Public Health Nutrition

Nutrition and health

Vegetarian diets and blood pressure among white subjects: results from the Adventist Health Study-2 (AHS-2)

Betty J Pettersena1 p1, Ramtin Anousheha1, Jing Fana1, Karen Jaceldo-Siegla2 and Gary E Frasera1 c1

a1 Department of Epidemiology and Biostatistics, School of Public Health, Loma Linda University, 24785 Stewart Street, Loma Linda, CA 92350, USA

a2 Department of Nutrition, School of Public Health, Loma Linda University, Loma Linda, CA, USA

Abstract

Objective Previous work studying vegetarians has often found that they have lower blood pressure (BP). Reasons may include their lower BMI and higher intake levels of fruit and vegetables. Here we seek to extend this evidence in a geographically diverse population containing vegans, lacto-ovo vegetarians and omnivores.

Design Data are analysed from a calibration sub-study of the Adventist Health Study-2 (AHS-2) cohort who attended clinics and provided validated FFQ. Criteria were established for vegan, lacto-ovo vegetarian, partial vegetarian and omnivorous dietary patterns.

Setting Clinics were conducted at churches across the USA and Canada. Dietary data were gathered by mailed questionnaire.

Subjects Five hundred white subjects representing the AHS-2 cohort.

Results Covariate-adjusted regression analyses demonstrated that the vegan vegetarians had lower systolic and diastolic BP (mmHg) than omnivorous Adventists (β = −6·8, P < 0·05 and β = −6·9, P < 0·001). Findings for lacto-ovo vegetarians (β = −9·1, P < 0·001 and β = −5·8, P < 0·001) were similar. The vegetarians (mainly the vegans) were also less likely to be using antihypertensive medications. Defining hypertension as systolic BP > 139 mmHg or diastolic BP > 89 mmHg or use of antihypertensive medications, the odds ratio of hypertension compared with omnivores was 0·37 (95 % CI 0·19, 0·74), 0·57 (95 % CI 0·36, 0·92) and 0·92 (95 % CI 0·50, 1·70), respectively, for vegans, lacto-ovo vegetarians and partial vegetarians. Effects were reduced after adjustment for BMI.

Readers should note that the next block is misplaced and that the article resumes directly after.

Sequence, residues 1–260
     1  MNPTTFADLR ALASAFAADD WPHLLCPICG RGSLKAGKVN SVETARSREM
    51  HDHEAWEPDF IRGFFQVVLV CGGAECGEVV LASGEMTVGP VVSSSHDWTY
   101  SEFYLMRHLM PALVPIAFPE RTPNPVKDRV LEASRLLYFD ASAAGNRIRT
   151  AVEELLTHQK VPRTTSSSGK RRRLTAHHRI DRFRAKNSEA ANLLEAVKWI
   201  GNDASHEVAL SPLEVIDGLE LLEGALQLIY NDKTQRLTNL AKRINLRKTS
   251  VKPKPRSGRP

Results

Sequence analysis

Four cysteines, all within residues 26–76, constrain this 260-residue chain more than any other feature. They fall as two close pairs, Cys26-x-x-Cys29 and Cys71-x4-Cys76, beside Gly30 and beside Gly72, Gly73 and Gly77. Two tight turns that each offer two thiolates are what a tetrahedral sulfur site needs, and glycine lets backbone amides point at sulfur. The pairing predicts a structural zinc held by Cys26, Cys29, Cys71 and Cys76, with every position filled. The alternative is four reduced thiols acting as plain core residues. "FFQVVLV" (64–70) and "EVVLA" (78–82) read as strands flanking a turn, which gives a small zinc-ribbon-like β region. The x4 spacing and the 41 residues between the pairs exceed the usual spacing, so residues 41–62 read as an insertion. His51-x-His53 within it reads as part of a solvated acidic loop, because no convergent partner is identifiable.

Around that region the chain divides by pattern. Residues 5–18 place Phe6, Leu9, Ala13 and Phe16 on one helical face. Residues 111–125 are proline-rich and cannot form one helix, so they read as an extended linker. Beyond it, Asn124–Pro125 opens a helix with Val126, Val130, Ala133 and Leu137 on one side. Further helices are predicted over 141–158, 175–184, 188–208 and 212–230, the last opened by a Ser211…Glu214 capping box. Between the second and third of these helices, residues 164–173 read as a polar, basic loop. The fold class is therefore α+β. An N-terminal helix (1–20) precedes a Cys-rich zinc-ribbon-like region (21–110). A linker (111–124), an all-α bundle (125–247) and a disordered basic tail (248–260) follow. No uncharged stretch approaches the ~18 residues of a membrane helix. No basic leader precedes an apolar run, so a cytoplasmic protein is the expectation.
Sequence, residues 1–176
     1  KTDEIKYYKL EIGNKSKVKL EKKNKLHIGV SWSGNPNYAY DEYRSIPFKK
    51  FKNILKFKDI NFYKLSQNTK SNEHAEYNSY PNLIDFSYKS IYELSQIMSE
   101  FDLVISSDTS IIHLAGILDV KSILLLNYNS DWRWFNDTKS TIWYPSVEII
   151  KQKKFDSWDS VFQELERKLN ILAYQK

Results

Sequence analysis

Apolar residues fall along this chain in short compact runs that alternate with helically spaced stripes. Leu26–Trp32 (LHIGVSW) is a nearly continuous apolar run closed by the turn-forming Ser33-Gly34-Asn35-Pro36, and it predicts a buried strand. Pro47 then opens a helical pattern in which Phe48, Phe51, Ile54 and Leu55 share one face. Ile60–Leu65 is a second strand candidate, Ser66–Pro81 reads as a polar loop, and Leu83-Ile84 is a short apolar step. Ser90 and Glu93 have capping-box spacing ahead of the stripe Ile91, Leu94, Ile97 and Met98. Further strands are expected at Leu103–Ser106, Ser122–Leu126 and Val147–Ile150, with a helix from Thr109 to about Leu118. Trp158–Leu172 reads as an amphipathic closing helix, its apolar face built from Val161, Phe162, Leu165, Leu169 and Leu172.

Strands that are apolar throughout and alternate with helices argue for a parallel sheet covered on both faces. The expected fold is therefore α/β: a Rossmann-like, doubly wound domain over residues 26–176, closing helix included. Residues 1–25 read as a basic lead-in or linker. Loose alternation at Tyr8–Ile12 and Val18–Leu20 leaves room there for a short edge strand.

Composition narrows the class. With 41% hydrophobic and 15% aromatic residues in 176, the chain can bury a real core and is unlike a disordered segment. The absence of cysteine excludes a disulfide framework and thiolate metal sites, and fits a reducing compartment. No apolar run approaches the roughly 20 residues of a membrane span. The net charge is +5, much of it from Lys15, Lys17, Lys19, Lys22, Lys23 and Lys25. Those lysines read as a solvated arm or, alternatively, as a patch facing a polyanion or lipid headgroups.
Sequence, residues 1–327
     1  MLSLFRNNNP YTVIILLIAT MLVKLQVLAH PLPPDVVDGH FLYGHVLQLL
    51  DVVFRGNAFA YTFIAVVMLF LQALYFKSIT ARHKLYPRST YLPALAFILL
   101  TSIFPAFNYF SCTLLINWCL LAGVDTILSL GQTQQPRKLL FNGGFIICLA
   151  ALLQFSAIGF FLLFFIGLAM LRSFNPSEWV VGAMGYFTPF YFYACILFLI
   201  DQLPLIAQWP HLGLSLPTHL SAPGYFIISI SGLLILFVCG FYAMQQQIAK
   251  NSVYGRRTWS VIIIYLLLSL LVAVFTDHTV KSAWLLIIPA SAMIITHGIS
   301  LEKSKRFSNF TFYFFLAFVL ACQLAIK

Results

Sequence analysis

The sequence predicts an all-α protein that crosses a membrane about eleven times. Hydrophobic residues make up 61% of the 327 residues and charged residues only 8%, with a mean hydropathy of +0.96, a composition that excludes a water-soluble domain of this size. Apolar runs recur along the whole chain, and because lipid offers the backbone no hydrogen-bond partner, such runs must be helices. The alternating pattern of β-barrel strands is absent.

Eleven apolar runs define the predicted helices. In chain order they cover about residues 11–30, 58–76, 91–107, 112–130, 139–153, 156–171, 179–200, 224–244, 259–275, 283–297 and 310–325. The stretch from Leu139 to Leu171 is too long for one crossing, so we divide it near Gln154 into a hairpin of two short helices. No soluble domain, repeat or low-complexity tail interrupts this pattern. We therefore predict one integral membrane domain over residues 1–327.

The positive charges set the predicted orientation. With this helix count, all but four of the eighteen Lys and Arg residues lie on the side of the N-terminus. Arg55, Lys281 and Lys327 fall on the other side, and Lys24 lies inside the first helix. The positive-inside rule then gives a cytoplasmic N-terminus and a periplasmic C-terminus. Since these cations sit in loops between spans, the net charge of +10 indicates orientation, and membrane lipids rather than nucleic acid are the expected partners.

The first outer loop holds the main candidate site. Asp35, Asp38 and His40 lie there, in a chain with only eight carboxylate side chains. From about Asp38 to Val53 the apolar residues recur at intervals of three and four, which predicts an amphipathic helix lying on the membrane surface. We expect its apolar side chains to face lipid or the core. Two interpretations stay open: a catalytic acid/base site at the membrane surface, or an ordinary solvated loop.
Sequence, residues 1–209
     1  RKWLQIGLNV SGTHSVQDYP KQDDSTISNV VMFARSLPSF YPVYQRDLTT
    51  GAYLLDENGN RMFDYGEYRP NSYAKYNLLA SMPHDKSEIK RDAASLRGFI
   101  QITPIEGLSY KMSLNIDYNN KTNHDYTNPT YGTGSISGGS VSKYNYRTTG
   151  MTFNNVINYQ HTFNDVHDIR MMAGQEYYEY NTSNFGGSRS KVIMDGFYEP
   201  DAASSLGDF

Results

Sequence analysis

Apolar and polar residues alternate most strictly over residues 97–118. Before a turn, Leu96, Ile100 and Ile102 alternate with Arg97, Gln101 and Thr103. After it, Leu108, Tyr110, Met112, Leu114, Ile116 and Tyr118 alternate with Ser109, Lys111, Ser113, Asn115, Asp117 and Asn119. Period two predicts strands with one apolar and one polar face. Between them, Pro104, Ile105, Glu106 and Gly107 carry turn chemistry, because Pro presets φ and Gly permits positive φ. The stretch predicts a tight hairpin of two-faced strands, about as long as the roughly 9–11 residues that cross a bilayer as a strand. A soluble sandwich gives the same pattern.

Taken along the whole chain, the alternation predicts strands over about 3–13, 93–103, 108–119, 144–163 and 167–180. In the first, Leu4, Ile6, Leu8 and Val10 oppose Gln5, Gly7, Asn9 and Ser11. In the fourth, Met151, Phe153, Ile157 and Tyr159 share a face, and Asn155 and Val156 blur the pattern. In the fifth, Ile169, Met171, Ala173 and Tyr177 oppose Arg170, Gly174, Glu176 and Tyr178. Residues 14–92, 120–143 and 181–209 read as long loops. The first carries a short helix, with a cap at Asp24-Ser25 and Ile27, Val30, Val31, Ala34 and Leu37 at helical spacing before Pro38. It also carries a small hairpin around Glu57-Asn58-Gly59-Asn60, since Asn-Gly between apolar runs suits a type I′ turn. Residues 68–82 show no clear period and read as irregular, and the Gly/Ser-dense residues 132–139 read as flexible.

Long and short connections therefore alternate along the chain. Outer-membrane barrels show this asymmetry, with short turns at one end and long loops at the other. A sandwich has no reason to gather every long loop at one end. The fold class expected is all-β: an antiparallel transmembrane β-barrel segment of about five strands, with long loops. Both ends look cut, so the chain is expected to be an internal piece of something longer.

Conclusions We conclude from this relatively large study that vegetarians, especially vegans, with otherwise diverse characteristics but stable diets, do have lower systolic and diastolic BP and less hypertension than omnivores. This is only partly due to their lower body mass.

(Received May 19 2011)

(Accepted November 24 2011)

(Online publication January 10 2012)

Correspondence

c1 Corresponding author: Email gfraser@llu.edu

p1 Present address: Department of Community Medicine, Faculty of Medicine, University of Tromsø, NO-9037 Tromsø, Norway

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